Burning logs in a wood burning stove will not only keep your home warm and comforting this winter, but can also help reduce carbon footprint.
However, when we talk about the environmental benefits of wood burning, we are referring to wood that has been home-grown or purchased from a sustainable source, and has a moisture content of 20% or less when burnt. To help you achieve this low moisture content, here is our advice on how to dry your logs.
Where do I dry my logs?
Drying your own logs can save money, but you will need the space and the time to dry them. Logs take 12-18 months to dry sufficiently, so planning ahead is key. Firstly, you will need space to stack and dry logs. Before stacking, logs should be split until they are 10cm in diameter or less – any thicker will slow the drying process.
A proper log store is vital; it should be covered at the top, but with open sides. Inside you will need bearers to raise your wood from the ground. It is highly advisable not to place your wood store against buildings; this can slow the drying process due to damp and even cause pest problems. Exposure to the elements is a good thing, plenty of sun and wind will dry logs faster.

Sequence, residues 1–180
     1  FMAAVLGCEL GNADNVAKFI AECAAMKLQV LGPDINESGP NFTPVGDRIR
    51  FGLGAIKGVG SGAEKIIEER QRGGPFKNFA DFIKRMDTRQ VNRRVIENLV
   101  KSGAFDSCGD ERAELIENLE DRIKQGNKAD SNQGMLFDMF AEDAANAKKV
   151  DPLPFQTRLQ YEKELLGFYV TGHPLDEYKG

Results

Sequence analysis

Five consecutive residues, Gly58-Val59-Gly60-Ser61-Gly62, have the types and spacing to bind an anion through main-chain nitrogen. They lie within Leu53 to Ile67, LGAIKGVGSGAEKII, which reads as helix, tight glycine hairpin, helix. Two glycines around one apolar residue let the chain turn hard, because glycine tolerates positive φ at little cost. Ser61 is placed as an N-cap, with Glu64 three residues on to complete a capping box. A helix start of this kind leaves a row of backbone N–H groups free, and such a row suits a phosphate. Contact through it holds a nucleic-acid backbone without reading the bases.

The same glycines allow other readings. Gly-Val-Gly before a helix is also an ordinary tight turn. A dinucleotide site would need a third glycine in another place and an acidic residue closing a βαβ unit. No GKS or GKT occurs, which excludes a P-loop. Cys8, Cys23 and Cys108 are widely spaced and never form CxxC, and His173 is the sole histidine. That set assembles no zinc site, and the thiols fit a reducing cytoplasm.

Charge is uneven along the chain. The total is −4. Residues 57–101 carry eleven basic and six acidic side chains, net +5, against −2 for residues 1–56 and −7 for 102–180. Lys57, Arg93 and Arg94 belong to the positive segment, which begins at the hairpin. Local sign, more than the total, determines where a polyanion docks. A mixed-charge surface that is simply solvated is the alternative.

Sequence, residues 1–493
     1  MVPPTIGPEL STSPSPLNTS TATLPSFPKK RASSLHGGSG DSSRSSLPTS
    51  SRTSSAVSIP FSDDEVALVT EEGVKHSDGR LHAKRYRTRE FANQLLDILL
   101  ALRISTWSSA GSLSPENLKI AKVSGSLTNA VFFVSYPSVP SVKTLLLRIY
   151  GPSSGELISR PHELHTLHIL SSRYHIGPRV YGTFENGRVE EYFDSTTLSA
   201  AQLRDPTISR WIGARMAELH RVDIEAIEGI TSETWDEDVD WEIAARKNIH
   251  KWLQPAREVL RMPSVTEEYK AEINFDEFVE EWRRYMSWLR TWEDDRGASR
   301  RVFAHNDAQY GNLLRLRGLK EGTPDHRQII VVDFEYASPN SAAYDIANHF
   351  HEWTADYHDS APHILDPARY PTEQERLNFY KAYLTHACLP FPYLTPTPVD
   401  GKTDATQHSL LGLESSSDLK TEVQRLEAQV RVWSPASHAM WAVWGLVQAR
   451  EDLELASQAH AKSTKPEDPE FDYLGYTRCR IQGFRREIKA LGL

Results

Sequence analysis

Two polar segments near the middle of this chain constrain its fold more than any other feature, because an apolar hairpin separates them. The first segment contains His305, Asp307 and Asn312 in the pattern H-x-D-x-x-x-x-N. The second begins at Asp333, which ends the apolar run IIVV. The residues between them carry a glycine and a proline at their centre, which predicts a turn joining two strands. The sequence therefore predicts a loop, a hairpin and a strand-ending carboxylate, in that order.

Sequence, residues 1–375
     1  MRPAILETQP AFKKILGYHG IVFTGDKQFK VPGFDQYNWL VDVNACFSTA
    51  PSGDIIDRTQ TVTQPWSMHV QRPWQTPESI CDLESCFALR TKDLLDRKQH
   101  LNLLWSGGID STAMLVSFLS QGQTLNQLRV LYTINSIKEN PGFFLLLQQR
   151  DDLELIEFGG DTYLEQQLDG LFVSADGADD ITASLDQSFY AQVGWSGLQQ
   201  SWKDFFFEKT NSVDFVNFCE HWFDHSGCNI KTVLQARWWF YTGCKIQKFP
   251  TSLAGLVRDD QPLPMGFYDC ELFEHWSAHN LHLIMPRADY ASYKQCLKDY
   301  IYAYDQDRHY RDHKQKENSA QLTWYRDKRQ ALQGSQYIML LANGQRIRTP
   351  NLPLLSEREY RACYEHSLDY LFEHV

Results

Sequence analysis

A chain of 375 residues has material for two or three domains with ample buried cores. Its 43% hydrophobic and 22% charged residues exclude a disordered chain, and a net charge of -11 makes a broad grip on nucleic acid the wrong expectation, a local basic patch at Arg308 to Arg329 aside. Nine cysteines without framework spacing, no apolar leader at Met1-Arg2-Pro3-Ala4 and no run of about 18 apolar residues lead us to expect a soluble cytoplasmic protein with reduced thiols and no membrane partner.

How do I know when my logs are dry?
Wood needs to be dried for a minimum of 12-18 months, until it has a moisture content of 20% or less. The easiest method of determining the moisture content of your logs is to use a moisture meter. Another way of telling if your wood is fit to burn is to check it is dark in colour, lighter in weight and makes a hollow sound when two logs are beaten together. Any green colour underneath the bark signifies that the logs are not yet dry enough; this is also true if the bark is hard to peel.
Following these simple steps will ensure you of a cleaner and easier burn for your wood burning stove and allow you to enjoy the flames to their maximum potential.